Centuries of monarchy in Spain have left a rich legacy of royal palaces and their associated buildings, which house works of exceptional artistic and cultural value. Stroll in the beautiful gardens, woods and spaces that form a stunning national heritage!
The Royal Palace of Madrid (Palacio Real de Madrid) is the official residence of the Spanish Royal Family at the city of Madrid, but it is only used for state ceremonies. Several rooms in the palace are regularly open to the public except during state functions.
The palace is located on the site of a 9th-century Alcázar (Muslim-era fortress), near the town of Magerit, constructed as an outpost by Muhammad I of Córdoba and inherited after 1036 by the independent Moorish Taifa of Toledo. After Madrid fell to King Alfonso VI of Castile in 1083, the edifice was only rarely used by t ...
The Royal Palace of La Almudaina, Spanish Palacio Real de La Almudaina, is the Alcázar (fortified palace) of Palma, the capital city of the Island of Majorca, Spain. Built as an Arabian Fort, the crown claimed it as official royal residence in the early 14th century. Inside are many empty rooms, however, when King James II began restoration, his design plan included the encompassing of the small, romanesque Chapel of Saint Anne. It stands opposite the dramatic Palma Cathedral with commanding views over the Bay of Palma.
The palace is owned by the Spanish government and operated by ...
The Royal Site of San Lorenzo de El Escorial, commonly known as El Escorial, is a historical residence of the King of Spain about 45 kilometres northwest of Madrid. It is one of the Spanish royal sites and has functioned as a monastery, basilica, royal palace, pantheon, library, museum, university and hospital.
El Escorial comprises two architectural complexes of great historical and cultural significance: the royal monastery itself and La Granjilla de La Fresneda, a royal hunting lodge and monastic retreat about five kilometres away. These sites have a dual nature; that is to say, duri ...
Palacio Real de Aranjuez is a former Spanish royal residence. It was established around the time Philip II of Spain moved the capital from Toledo to Madrid. Aranjuez became one of four seasonal seats of government, occupied during the springtime (from about holy week). Thereafter, the court moved successively to Rascafría, El Escorial and wintered in Madrid. Aranjuez Cultural Landscape is an UNESCO World Heritage Site.
After the Christian conquest, Aranjuez was owned by the Order of Santiago and a palace was built for its Grand Masters where the Royal Palace stands today. When the C ...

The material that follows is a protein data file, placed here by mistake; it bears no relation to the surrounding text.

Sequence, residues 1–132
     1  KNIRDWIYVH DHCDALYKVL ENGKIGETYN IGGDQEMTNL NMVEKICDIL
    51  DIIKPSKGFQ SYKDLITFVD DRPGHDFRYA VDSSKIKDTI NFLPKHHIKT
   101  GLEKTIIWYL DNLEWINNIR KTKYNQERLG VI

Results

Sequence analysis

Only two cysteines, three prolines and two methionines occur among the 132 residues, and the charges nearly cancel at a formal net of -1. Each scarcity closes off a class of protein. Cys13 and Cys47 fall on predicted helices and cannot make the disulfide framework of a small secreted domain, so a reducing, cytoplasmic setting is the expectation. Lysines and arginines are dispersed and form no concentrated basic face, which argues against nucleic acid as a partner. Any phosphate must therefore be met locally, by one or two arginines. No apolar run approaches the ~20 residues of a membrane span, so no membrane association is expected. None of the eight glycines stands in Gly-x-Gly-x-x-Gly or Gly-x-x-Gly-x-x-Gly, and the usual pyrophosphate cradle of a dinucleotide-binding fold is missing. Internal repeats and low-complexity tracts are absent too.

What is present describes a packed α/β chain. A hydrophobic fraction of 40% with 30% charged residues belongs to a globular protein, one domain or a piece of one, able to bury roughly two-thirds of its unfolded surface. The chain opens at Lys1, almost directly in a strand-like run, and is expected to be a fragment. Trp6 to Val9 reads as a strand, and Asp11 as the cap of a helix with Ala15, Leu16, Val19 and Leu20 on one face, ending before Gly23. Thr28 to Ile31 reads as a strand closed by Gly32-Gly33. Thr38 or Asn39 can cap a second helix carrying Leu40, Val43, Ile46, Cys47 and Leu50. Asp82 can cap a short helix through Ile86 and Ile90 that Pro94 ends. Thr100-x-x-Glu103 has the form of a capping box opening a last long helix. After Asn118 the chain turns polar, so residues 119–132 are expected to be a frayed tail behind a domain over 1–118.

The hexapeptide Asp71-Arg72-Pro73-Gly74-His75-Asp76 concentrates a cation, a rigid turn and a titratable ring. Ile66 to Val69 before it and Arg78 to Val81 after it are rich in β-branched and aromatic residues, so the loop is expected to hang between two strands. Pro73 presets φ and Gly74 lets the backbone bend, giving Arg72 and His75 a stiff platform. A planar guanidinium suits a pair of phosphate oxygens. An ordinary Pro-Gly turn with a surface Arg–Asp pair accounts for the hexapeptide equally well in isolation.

The Royal Palace of La Granja de San Ildefonso, known as La Granja, is an early 18th-century palace located in the hills near Segovia.
The site was purchased from the monks in 1719 by King Philip V, after his summer palace nearby at Valsaín burned down. Beginning in 1721, Philip began building a new palace and gardens modeled on Versailles, built by his grandfather, Louis XIV of France. Like Versailles it embraced a cour d'honneur on the approaching side, and formal gardens, with a main axis centred on the palace, that were surrounded by woodland in which further hidden garden feat ...
The Royal Palace of El Pardo is a historic building near Madrid, in the present-day district of Fuencarral-El Pardo. It is owned by the Spanish state and administered by the Patrimonio Nacional agency.
The palace began as a royal hunting lodge. It became an alternative residence of the kings of Spain until the reign of King Alfonso XII of Spain, who died in the palace in 1885.
King Henry III of Castile ordered the building of the pavilion in 1406, on Mount El Pardo, because of its abundant game. Later, in the time of Emperor Charles V (1547), it was transformed into a palace by t ...
The Royal Palace of Riofrío is one of the residences of Spain"s royal family. Situated in the municipality of San Ildefonso, in the province of Segovia, central Spain, the building is set in a wooded deer-park.
Queen Elisabeth Farnese was widowed in 1746, her husband King Philip V being succeeded by Ferdinand VI, her step-son. As such, to ensure that Elisabeth would remain away from the court, King Ferdinand VI agreed to the construction of a palace at Riofrío for her own disposal. During the reign of her step-son, the queen resided at the Royal Palace of La Granja de Sa ...
Olargues is a good example of a French medieval town and rated as one of the most beautiful villages in France. It was occupied by the Romans, the Vandals and the Visigoths. At the end of the 11th century the Jaur valley came under the authority of the Château of the Viscount of Minerve. The following centuries saw a succession of wars and epidemics, and it was not until the 18th century that Olargues became re-established. This was due to the prosperity of local agriculture and artisanal industry.
The Pont du Diable, 'Devil's Bridge', is said to date back to 1202 and is reputed to be the scene of transactions between the people of Olargues and the devil. The old village is clustered around the belltower, which was formerly the main tower of the castle (Romanesque construction). The old shops have marble frontages and overhanging upper storeys. A museum of popular traditions and art is to be found in the stairs of the Commanderie.
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